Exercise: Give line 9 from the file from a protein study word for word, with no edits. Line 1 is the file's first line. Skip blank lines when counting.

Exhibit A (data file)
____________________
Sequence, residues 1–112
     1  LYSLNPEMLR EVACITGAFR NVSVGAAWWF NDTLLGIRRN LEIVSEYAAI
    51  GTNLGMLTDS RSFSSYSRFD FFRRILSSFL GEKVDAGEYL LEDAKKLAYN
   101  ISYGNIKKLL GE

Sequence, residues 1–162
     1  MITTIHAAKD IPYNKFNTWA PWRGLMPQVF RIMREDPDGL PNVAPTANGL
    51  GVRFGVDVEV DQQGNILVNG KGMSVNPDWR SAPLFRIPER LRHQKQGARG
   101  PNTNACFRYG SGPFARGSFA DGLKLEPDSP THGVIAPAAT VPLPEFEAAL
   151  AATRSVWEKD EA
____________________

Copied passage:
   151  AATRSVWEKD EA